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3.3 WASTEWATER TREATMENT TECHNOLOGIES AND REUSE
3.3.1 Industrial Water Reuse
A major thrust in the treatment of industrial effluent is to minimise
the impact of pollutant loads leaving a factory premises and to promote an
higher degree of water reuse within the factory. This involves the removal
of excess carbohydrates (oxygen-consuming substances), cooling, removal of
nitrates, and removal of heavy metals. Technologies which are applicable
in various industrial situations have been developed within each major
industrial sector. These technologies, then, act as a guideline for other
industries to follow and as guidelines for local authorities in
prescribing pollution control requirements for other, similar sector
Extent of Use
Various guides in the "Water and Wastewater Management" series
have been produced by the Water Research Commission in South Africa. These
guides currently govern water and wastewater management in the following
industries: malt and brewing; metal finishing; soft drinks; dairy; sorghum
malt and beer; edible oils; red meat; laundry; poultry; tanning and
leather finishing; sugar; paper and pulp; wine; and, textiles.
Operation and Maintenance
The operation and maintenance of the various technologies used in
industry are industry specific, and implemented on a site-specific basis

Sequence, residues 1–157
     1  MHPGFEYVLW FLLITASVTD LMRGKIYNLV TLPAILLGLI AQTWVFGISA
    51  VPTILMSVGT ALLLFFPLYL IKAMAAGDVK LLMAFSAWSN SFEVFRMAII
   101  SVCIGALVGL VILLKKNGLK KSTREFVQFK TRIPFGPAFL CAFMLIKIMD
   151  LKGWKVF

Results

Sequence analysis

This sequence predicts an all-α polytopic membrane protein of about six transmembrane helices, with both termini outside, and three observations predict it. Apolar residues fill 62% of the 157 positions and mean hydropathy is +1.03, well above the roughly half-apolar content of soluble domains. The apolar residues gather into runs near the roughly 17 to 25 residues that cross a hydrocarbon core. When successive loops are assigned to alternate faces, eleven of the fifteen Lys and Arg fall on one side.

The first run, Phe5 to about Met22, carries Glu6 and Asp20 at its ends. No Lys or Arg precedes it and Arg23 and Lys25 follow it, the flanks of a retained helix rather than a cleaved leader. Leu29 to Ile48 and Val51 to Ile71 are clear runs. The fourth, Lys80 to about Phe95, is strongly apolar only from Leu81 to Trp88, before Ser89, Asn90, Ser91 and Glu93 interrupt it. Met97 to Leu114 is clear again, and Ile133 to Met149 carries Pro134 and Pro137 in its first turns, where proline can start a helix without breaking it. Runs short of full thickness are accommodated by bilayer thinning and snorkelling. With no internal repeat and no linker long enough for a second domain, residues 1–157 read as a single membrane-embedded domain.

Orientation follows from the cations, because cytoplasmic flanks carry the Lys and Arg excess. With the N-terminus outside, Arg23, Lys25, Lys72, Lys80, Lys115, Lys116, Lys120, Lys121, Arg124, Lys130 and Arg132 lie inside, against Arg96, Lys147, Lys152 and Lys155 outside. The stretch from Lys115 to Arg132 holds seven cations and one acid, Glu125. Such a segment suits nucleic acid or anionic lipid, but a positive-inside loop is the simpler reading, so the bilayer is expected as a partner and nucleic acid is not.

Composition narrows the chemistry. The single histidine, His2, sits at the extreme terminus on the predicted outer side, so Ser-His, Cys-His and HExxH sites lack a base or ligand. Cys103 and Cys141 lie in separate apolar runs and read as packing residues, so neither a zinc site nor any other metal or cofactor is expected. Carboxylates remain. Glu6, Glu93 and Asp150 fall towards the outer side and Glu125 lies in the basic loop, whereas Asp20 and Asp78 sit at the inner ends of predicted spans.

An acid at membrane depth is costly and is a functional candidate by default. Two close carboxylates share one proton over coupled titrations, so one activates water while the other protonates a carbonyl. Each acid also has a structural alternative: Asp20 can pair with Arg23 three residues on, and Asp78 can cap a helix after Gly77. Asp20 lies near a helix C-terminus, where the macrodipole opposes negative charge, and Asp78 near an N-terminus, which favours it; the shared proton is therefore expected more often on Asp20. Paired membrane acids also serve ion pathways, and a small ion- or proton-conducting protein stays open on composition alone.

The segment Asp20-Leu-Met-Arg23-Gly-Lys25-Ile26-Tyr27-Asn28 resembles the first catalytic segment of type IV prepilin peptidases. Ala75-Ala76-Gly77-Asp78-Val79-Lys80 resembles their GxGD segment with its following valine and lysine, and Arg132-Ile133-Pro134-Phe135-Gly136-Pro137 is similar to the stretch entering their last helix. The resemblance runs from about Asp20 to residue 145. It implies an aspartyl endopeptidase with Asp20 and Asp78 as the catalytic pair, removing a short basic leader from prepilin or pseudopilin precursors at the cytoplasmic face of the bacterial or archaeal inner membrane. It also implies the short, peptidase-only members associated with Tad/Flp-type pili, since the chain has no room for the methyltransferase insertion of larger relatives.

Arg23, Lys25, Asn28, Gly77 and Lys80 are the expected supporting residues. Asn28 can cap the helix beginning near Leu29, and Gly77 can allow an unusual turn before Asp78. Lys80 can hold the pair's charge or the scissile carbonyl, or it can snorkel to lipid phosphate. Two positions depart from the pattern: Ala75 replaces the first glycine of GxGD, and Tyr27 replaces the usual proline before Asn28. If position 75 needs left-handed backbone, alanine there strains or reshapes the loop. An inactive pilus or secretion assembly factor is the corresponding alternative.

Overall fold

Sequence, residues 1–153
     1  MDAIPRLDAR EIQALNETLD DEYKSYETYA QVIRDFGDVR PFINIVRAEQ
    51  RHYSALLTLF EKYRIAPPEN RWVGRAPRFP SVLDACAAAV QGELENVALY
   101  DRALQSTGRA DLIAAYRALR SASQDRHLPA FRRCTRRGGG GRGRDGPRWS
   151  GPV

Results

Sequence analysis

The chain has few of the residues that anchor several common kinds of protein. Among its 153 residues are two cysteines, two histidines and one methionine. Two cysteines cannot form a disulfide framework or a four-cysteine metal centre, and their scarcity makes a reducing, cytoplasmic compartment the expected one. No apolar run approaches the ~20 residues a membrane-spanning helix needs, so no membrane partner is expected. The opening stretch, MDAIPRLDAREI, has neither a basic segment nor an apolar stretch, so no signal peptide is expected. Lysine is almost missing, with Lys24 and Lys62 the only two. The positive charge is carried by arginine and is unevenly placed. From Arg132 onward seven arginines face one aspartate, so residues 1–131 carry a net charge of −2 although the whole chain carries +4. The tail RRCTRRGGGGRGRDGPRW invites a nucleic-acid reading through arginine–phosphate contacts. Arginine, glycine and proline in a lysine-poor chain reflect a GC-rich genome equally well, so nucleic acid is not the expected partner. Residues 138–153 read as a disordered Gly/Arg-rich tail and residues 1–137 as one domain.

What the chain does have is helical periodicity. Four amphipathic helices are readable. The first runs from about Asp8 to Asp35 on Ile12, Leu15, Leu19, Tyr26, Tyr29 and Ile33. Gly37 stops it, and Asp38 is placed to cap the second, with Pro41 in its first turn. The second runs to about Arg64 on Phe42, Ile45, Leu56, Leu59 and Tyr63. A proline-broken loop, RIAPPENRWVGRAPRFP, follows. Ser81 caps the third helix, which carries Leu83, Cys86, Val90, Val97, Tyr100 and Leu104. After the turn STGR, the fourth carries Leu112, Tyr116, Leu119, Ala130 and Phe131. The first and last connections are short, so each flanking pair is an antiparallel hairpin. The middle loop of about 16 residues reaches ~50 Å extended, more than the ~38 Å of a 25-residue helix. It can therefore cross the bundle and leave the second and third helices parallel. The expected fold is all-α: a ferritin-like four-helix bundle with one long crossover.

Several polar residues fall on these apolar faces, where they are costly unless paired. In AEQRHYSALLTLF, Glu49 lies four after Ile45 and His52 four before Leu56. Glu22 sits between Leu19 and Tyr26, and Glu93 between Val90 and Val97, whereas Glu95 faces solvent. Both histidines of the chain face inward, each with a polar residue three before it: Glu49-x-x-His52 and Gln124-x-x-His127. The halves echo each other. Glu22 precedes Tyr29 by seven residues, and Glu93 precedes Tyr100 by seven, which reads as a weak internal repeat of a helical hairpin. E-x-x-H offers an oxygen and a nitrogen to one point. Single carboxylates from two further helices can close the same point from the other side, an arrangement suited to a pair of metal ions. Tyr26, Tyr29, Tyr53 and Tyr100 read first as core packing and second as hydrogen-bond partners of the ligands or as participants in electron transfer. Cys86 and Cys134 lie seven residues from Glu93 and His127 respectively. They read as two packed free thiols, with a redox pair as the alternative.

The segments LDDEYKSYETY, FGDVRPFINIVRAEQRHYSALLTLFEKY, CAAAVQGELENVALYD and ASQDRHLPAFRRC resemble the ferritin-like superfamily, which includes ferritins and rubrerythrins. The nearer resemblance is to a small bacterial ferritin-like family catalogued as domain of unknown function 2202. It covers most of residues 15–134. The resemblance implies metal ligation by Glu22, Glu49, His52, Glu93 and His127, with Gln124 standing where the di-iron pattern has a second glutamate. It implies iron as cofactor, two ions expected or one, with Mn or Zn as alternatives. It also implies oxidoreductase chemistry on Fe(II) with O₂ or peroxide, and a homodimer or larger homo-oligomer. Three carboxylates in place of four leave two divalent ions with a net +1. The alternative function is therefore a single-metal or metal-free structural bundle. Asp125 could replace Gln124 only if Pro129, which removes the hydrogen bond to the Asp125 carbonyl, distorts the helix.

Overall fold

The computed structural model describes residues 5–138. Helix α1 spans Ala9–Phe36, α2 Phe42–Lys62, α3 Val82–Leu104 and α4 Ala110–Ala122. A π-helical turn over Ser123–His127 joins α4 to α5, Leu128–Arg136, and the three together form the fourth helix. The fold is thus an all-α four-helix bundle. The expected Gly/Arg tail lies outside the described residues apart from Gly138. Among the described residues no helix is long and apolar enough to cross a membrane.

by individual manufacturing companies.
Level of Involvement
Each proprietor is responsible for the implementation of those
guidelines most relevant to their industry. However, government
involvement is often a prerequisite in the formulation of relevant
pollution control regulations, and an enforcement agency might also
oversee policing. Sometimes, industry councils or cooperatives may impose
a degree of self-regulation upon their membership to reduce the need for
governmental regulation of their industry.
The costs are technology- and industry-dependent.
The suite of technologies used to minimise water pollution have proven
to be an effective water conservation technique which should be
appropriate throughout Africa.
Reuse limits water wastage and wastewater treatment processes ensure
that contaminants that would otherwise be pollutants are reduced or
eliminated from the waste stream, resulting in better quality water
downstream and overall benefit to the environment and other users.
Water reuse and reclamation within industries provides surplus water
than can be used to meet other demands.
Some investment in equipment is almost always required. Operator
training to ensure the optimal functioning of this equipment is essential.
Further Development of the Technology
Other industrial processes need to be evaluated with respect to their
water saving potential. In South Africa, the Water Research Commission is
continuing to gather and interpret data from various industries, and is
publishing further guides in their "Water and Wastewater Management"
Council for Scientific and Industrial Research -
Division of Water Technology, Post Office Box 395, Scientia,
Pretoria, South Africa.
Water Research Commission, Private Bag 824, Pretoria
0001, South Africa.
Department of Water Affairs and Forestry (South Africa),
Private Bag X313, Pretoria 0001, South Africa.
Holland, J.R. 1993. Infrastructural Analysis, Volume V:
Water. Coopers and Lybrand Associates, Harare. p 60.